Continuing Resolutions: What You Need to Know

As many of you know, the end of the current funding year for the federal government is quickly approaching on September 30. One of the many to do items facing Congress in September is the need to pass legislation that funds the U.S. government for the next funding year by this deadline. It is looking increasingly likely that this will not happen. This is not new and has happened more regularly in recent years. What does this mean?

There are twelve Fiscal Year (FY) 2022 appropriations bills, which are bills to appropriate federal funds for specific federal government departments, agencies and programs that must be enacted each year by September 30 to fund the next fiscal year. What happens if the bills are not enacted in time? Congress utilizes what’s referred to as a Continuing Resolution (CR), a temporary measure to fund government activities for a specific and limited period of time.

These CRs are a “stopgap” measure to avoid a government shutdown and provide time for lawmakers to enact appropriations for the full year. It is important to note that programs deemed as essential services, such as those related to public safety or homeland security, often continue to operate even in the absence of a CR during a government shutdown.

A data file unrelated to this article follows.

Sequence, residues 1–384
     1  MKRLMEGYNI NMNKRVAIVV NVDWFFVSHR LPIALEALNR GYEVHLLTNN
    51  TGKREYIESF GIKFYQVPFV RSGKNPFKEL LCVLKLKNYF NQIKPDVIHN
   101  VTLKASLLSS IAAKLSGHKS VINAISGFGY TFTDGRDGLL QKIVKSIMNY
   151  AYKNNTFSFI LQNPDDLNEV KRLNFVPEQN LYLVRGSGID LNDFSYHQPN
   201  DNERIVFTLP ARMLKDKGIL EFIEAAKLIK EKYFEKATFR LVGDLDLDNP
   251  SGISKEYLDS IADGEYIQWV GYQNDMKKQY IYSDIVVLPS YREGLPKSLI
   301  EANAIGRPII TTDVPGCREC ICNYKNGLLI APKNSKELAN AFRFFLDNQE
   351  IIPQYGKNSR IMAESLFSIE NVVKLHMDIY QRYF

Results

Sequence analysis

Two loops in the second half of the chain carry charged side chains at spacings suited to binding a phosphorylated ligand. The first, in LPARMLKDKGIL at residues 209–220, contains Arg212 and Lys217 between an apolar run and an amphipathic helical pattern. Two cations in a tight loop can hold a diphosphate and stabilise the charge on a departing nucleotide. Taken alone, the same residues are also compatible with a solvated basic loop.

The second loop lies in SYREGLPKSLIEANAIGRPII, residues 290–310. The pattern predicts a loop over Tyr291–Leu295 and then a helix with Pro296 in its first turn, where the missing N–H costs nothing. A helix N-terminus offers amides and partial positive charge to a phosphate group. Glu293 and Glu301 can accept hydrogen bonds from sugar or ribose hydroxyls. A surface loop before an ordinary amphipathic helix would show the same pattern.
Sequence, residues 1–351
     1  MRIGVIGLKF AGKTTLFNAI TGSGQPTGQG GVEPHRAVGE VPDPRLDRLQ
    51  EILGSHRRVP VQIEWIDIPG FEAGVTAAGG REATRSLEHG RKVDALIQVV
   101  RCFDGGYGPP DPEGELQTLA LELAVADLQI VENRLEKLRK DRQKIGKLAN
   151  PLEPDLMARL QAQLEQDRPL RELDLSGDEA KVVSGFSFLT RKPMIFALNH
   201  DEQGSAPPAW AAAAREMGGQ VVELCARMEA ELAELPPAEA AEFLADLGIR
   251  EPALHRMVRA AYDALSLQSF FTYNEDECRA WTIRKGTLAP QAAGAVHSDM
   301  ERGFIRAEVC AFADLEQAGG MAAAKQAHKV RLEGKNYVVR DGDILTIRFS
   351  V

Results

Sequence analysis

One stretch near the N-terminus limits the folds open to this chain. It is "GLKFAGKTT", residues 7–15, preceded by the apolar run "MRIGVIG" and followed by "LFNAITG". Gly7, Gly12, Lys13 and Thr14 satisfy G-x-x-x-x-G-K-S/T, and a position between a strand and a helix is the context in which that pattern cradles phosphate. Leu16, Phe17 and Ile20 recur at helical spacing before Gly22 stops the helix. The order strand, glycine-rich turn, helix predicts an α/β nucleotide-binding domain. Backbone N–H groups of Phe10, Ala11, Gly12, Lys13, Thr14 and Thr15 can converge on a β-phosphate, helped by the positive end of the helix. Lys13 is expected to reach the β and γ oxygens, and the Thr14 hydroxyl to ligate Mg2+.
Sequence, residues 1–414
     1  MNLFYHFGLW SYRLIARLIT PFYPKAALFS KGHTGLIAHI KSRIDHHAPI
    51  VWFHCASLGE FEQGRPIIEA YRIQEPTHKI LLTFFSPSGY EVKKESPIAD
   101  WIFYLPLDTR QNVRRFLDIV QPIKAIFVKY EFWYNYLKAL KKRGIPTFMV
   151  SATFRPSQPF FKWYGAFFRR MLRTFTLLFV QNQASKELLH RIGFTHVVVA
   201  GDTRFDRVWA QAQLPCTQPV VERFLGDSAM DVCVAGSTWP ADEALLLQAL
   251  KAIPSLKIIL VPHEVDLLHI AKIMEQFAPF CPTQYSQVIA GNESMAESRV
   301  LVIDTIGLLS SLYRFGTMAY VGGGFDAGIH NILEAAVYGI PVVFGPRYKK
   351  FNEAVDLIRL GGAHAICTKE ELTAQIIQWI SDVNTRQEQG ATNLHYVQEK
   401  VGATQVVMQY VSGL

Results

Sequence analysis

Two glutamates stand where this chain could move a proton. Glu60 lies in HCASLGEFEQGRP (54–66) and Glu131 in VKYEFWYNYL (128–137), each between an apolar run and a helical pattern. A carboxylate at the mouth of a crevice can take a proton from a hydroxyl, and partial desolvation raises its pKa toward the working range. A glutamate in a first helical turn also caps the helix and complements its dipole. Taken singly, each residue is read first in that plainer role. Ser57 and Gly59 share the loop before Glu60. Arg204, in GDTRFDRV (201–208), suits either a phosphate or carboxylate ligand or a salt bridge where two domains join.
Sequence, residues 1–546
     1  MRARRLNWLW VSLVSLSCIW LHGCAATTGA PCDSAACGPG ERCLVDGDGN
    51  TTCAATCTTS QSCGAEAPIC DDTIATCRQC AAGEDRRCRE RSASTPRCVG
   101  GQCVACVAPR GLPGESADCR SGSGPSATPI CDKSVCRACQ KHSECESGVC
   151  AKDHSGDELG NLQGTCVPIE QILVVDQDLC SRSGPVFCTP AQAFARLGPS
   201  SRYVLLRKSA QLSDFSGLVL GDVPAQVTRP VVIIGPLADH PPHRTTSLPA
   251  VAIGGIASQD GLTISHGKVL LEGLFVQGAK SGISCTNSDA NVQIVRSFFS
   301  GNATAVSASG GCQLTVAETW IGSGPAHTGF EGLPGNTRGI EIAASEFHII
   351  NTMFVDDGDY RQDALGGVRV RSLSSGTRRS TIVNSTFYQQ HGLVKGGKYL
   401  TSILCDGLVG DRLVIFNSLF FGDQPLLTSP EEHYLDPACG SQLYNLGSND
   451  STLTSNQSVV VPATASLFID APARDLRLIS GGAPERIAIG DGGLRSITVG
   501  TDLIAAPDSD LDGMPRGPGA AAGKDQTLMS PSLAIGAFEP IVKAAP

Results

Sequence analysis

How does this impact the funding of the CDC Tourette Syndrome Public Health Education and Research program (THEP)? If the government is funded through a Continuing Resolution for Fiscal Year 2022, either for a short time or for the full fiscal year, the CDC TS program would be funded at the enacted funding level for FY2021 of $2 million dollars. But in the event of a government shutdown, the CDC TS Program is not deemed an essential service and CDC activities of the program would cease during the shutdown until either a CR is passed or the appropriations bills are enacted.

Sometimes multiple CRs are necessary in order to give lawmakers time to complete their full appropriations process if enactment does not occur in time for the expiration of the current CR. While Congress has funded full fiscal years via CR in the past, we do not believe this is a likely scenario at this time but remains a possibility.

How this year will unfold is yet to be determined and the TAA Public Policy team is continuously working to ensure the continued funding of the CDC Tourette Syndrome Program for FY22 and into the future. You can join our efforts by taking action and sending a letter to Congressional leaders emphasizing the importance of the programs and services that promote awareness, research and support. Fill out the form below and it will be automatically sent to your Representatives and Senators.